Saturday, April 25, 2015

HAWK Signal

The city of Tucson, AZ, developed the High intensity Activated crossWalK (HAWK) pedestrian crossing beacon in the late 1990s to assist in pedestrian crossings, especially for major arterials at minor street intersections.

When I first moved to Tucson, I had never seen this signal before.  In fact, based on my limited knowledge of the Manual on Uniform Traffic Control Devices (MUTCD), I thought the signal was likely illegal.  Traffic Signals are not allowed to remain "dark" unless they are bagged.

But my biggest concern was in what to do while this intersection is flashing red.  My interpretation of this signal indication is that the crosswalk should be treated as a stop sign control.  However, all of the motorists treat it as yield control - initially stopping but then cautiously entering the crosswalk without stopping after the pedestrian passes.  But over time, I respect the signal and my guess is that it is extremely effective.

Traffic Signal Engineers are faced with a dilemma when it comes to pedestrian crossings.

 According to the Model Traffic Code (adopted by most agencies), a pedestrian has the right-of-way at any intersection - whether it is striped with a crosswalk or not.  But pedestrian behavior is erratic.  When there is no crosswalk, the pedestrian takes extreme care when crossing a road.  But when there is a crosswalk, most pedestrians believe that the white stripe on the ground will protect them.  It won't.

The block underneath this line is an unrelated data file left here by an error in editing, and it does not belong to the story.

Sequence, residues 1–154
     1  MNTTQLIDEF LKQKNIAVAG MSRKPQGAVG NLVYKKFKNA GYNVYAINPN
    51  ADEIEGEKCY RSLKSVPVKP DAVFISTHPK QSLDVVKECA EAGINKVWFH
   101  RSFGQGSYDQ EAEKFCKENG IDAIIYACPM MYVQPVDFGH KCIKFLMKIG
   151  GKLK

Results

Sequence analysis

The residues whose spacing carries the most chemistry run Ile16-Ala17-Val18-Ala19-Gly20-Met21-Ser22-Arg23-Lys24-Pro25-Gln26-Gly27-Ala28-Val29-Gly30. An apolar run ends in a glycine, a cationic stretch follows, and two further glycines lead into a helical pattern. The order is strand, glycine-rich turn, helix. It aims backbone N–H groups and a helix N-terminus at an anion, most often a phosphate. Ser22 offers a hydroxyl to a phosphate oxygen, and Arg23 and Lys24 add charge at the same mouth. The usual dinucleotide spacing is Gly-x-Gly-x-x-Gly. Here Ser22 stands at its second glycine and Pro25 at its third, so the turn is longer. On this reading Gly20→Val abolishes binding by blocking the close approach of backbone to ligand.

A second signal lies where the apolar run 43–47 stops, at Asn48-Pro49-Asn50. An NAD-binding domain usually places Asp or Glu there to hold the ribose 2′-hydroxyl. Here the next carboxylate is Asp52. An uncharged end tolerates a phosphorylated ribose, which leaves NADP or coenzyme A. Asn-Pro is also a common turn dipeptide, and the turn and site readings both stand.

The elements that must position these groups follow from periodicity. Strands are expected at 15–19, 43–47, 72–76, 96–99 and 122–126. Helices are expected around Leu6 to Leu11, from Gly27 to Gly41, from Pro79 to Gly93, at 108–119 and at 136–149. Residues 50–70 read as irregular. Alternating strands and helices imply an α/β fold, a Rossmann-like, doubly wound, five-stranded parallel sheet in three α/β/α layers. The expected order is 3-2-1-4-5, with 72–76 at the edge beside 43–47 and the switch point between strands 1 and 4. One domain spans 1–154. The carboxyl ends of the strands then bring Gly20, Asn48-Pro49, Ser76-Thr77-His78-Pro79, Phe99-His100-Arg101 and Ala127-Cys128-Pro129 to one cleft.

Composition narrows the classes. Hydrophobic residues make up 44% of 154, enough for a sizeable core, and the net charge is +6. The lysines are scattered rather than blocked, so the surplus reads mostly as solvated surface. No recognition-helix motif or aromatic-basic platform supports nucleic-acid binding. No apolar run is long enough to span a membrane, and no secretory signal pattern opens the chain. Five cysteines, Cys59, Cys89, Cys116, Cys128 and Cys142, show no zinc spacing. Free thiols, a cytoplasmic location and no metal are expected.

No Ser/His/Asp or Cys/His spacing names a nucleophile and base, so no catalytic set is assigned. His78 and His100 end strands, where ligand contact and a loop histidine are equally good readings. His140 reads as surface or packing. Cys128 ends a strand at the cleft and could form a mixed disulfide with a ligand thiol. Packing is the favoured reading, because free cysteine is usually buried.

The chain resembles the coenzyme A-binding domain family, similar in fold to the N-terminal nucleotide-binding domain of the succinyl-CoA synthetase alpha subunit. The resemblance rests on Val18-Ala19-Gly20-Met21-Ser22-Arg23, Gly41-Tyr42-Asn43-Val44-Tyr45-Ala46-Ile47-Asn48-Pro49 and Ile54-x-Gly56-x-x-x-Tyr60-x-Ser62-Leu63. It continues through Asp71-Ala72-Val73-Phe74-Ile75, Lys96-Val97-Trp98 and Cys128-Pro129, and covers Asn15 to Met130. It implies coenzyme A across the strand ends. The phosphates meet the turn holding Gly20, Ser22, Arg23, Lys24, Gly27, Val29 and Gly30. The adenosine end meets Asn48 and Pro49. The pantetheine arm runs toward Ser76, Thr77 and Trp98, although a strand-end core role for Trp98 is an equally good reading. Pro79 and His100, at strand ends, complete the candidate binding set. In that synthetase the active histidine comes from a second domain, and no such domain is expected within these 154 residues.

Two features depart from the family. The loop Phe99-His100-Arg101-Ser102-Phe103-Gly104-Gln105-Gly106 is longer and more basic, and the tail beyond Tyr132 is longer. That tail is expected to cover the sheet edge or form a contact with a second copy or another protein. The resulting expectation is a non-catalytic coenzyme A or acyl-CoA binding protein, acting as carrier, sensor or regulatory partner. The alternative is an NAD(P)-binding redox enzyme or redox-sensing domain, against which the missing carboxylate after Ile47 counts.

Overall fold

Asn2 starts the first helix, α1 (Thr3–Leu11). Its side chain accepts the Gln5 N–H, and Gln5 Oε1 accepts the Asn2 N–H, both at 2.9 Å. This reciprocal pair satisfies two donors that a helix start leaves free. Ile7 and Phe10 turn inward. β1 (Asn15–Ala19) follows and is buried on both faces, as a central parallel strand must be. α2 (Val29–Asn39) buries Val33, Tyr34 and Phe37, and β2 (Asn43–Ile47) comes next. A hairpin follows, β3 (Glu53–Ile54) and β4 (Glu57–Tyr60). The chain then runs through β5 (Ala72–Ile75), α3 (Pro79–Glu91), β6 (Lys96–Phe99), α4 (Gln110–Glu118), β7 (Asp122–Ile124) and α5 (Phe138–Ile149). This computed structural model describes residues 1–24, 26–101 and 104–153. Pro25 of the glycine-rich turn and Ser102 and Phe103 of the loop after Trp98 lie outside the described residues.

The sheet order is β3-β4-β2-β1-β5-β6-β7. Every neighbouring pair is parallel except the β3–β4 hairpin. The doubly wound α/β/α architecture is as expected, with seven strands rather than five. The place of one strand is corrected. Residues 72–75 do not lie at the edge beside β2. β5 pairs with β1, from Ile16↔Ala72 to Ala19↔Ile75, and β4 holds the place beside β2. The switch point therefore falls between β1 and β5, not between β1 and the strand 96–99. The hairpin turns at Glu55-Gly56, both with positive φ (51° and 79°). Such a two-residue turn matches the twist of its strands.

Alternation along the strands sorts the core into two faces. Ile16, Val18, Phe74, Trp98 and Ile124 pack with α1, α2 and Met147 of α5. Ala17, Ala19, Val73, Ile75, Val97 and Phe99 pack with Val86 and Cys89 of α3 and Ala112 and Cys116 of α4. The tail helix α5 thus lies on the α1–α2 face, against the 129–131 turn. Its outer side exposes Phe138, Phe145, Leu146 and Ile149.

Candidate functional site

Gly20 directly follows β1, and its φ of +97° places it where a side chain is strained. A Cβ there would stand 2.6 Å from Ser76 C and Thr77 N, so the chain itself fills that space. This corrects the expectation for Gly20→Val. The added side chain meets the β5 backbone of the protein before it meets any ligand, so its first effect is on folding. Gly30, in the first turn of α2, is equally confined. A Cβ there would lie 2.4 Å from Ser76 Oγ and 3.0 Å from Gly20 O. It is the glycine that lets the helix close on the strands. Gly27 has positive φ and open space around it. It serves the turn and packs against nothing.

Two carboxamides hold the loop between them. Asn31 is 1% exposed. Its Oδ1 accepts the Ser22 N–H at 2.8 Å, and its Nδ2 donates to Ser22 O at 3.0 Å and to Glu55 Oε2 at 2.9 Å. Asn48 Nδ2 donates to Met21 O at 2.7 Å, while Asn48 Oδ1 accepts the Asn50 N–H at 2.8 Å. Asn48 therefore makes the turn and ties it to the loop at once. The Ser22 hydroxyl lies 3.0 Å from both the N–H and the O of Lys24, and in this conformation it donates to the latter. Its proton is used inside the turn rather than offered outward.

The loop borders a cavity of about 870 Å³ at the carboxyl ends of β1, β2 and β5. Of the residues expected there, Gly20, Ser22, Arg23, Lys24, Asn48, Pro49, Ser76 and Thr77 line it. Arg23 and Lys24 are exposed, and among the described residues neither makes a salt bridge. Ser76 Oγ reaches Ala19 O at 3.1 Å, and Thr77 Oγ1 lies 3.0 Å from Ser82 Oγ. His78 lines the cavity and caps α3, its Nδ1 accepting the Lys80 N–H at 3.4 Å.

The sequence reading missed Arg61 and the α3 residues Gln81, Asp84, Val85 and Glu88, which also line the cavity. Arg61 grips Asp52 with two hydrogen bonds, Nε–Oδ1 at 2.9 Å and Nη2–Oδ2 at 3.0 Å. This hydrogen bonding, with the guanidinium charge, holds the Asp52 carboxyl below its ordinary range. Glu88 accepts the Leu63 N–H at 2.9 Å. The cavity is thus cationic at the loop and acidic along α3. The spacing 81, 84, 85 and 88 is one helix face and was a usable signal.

So the HAWK signal is a great tool for the toolbox.  It creates a safe pedestrian crossing that is only activated when needed.

What most people don't see, however, are the trade-offs.  When the crossing is activated, it creates huge motorist delay.  This delay isn't just because the motorist must stop at the HAWK crossing, but also because they will then become "out-of-sync" with the queue.  If the road is timed for optimal progression - it could actually cause two additional stops.  It is the stop that really annoys motorists.  It also creates a huge roadway user cost.  If a benefit/cost analysis were done of this traffic signal control, I am sure it would not be positive.

The Federal Highway Administration has been in review of this concept for some time.  They just recently released a Safety Effectiveness of the HAWK Pedestrian Crossing Treatment. The report documents the experience in the Tucson area.  I plan to read it and give further thoughts.